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Holding A Green Funeral In The Winter

Holding A Green Funeral In The Winter

Losing a loved one in the Winter brings a set of weather-related complications. Travel can be dicey, and memorial events like a burial or ash scattering may need to be postponed. However, every season is an excellent time to take care of our precious environment. Here are a few tips for hosting a green winter funeral.

  1. Ask guests to use a carbon offset program to cover the carbon footprint from traveling to the funeral.
  2. Use real dishes, mugs, and cutlery; ask for dishwashing volunteers. Or, use compostable plates, cups, etc.
  3. Have clearly marked receptacles for trash, recycling, and compost. Designate a volunteer to take the compost to the nearest composting center, such as at a garden center or alternative grocery store. 
  4. Use soy or beeswax candles.
  5. Print the program on recycled paper.
  6. If you are serving food, choose organic and locally sourced options as much as possible. 
  7. Instead of throwing flowers away, deconstruct the arrangements, recycle as much as possible, and put the flowers in a compost bin. 

Becoming A Tree When You Die….Even If It’s Cold Outside

If it’s too cold outside to plant a tree urn, the Living Urn offers an indoor tree urn. This lovely ceramic urn has separate compartments; one for your loved one’s ashes and the other for your tree. Large enough for a small indoor tree or a bonsai tree, this indoor urn comes in blue, white, and yellow. Its design also lets you use it like a vase with cut flowers. 

The Living Urn also offers several planter urns made from premium rescued California Sycamore and FSC Certified Black Walnut wood. Like the ceramic urn above, these planters securely hold cremation ashes and have a place for a small houseplant.

If you want to wait until warmer weather to plant your burial pod tree urn, the Living Urn can help you. Purchase just the Living Urn system and have it mailed to you now. Then, when the weather starts to warm up, you can purchase a tree from a local nursery to use with the burial pod. Or, you can buy the Living Urn system along with a tree voucher that you can use to select a tree from the Living Urn’s award-winning nursery when spring is close at hand.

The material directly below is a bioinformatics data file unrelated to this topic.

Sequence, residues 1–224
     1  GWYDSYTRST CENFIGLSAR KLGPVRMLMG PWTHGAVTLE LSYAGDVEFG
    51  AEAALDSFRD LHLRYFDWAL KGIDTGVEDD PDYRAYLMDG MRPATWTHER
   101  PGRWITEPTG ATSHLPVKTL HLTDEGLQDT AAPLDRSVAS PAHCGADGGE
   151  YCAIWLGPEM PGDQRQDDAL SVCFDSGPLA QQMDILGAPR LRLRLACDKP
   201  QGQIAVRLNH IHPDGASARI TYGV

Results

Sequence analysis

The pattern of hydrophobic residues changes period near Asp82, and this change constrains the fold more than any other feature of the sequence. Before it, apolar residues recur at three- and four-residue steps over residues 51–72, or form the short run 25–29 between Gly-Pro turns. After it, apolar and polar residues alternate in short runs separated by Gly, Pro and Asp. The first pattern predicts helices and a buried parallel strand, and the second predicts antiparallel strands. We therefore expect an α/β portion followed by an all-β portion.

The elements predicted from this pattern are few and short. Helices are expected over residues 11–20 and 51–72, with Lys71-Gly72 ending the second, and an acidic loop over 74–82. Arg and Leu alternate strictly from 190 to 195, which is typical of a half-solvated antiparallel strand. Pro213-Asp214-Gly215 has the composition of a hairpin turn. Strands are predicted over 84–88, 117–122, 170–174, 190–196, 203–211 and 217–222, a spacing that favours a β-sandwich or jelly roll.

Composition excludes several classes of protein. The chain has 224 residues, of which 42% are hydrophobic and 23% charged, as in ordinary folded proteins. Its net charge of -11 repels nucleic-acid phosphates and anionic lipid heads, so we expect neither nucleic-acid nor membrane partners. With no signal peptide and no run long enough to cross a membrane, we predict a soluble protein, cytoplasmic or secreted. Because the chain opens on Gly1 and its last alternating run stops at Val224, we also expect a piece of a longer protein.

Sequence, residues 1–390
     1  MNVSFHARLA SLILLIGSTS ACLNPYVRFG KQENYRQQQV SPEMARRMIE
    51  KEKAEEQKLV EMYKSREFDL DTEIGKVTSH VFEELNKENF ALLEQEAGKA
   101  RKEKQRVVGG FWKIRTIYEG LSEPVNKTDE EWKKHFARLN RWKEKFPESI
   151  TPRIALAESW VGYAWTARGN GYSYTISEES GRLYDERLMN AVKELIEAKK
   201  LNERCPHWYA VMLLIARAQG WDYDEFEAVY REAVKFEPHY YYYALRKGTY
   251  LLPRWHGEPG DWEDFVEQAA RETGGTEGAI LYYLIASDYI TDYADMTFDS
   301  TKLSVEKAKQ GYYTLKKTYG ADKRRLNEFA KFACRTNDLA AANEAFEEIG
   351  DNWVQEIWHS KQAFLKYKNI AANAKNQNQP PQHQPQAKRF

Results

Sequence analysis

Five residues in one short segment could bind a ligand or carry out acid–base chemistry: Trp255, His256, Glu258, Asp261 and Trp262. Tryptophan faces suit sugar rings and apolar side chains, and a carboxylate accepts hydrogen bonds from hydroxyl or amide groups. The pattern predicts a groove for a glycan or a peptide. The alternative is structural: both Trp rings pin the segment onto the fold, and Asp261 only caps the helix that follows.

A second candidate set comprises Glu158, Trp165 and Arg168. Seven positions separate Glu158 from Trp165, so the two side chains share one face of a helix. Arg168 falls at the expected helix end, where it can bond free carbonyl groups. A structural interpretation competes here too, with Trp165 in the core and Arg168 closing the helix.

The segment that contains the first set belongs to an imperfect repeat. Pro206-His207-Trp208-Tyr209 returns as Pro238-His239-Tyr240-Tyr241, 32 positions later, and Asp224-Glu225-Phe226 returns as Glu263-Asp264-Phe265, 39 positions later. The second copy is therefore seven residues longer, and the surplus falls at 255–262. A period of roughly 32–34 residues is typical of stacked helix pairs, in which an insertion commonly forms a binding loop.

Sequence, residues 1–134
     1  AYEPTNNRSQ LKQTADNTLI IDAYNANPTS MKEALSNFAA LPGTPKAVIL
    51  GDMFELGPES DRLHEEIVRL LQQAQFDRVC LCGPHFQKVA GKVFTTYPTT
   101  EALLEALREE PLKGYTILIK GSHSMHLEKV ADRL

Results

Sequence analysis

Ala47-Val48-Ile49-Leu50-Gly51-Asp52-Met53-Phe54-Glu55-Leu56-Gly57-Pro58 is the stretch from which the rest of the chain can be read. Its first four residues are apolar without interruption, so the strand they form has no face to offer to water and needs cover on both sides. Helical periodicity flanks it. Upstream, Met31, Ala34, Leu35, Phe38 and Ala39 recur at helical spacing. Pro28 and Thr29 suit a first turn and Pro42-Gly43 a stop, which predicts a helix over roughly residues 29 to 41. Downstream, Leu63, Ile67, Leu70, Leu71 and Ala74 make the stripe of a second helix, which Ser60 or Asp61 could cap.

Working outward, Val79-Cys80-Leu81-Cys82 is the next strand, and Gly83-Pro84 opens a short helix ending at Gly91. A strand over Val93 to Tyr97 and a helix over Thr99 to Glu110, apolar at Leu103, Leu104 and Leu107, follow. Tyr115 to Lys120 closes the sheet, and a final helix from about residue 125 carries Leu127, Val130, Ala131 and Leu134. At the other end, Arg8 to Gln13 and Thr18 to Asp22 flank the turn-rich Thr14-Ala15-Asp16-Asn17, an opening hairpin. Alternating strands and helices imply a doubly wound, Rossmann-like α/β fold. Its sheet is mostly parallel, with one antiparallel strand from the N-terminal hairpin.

Fall Is a Great Time to Plant A Tree Urn (and Early Winter Can Be Too!)

Fall is a relative term depending on which state you live in. The classic fall months for planting trees are September, October, and November. Some southern states, such as Arizona, Texas, Florida, Alabama, Mississippi, Louisiana, Georgia, and  South Carolina support successful tree planting as late as December or January, while colder, northern states like Vermont or Montana might be too cold by December. If the ground isn’t frozen, you can plant your burial pod or tree urn and expect it to grow successfully. Ideally, however, try to plant your memorial tree at least four weeks before the first freeze. 

Benefits of Fall or Early Winter Planting

Here are a few reasons fall is a great time to plant a tree

1. More Energy for Root Growth

    Many trees drop their leaves in the fall. This allows trees to put the energy that would have gone into producing leaves into their root systems. Since trees go somewhat dormant in the winter, your memorial tree burial pod will have plenty of time to focus on growing its roots deep into the ground. With a robust root system, your tree will be ready to grow in the springtime.

    2. Trees Require Less Water

      When it’s hot outside, trees need a lot of water. When you plant a biodegradable tree urn in the fall, your memorial tree will automatically need less water than it would in the spring and summer. And, you have the added benefit of fall rain that lowers the amount of watering you’ll need to do. 

      3. Increase Drought Tolerance

        Trees planted with a biodegradable urn in the fall have more time to establish their root system before the stress of a hot summer hits. A tree planted in the spring or summer is thrust right into the hot season. A tree planted in the fall will have been growing its roots for 6-8 months, making it better prepared to tolerate a dry, hot summer. 

        4. Easier to Plant

          Fall weather is beautiful and makes you want to be outside. The cool, crisp air in the mornings and evenings and warmer afternoons make fall the perfect season to spend time outdoors doing some gardening. And fall tends to be dryer than spring, which makes the ground easier to dig up for your tree. Soggy soil is heavier, making the digging harder. 

          5. Fewer Insects

            Another benefit to fall planting is less insect life buzzing around. Many insects migrate away to warmer climates for the winter or go into hibernation. This means you’ll encounter less insect life while planting in the fall. Spring is when insects become more active, so if you want to avoid wasps and mosquitos, choose fall to plant your tree.

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